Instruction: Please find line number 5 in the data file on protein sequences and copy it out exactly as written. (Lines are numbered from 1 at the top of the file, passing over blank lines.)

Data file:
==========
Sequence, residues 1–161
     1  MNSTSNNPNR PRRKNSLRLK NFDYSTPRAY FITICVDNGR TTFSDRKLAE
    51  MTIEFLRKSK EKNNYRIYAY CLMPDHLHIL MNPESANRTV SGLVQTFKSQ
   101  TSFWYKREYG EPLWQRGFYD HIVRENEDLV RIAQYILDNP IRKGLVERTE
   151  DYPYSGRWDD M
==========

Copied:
   151  DYPYSGRWDD M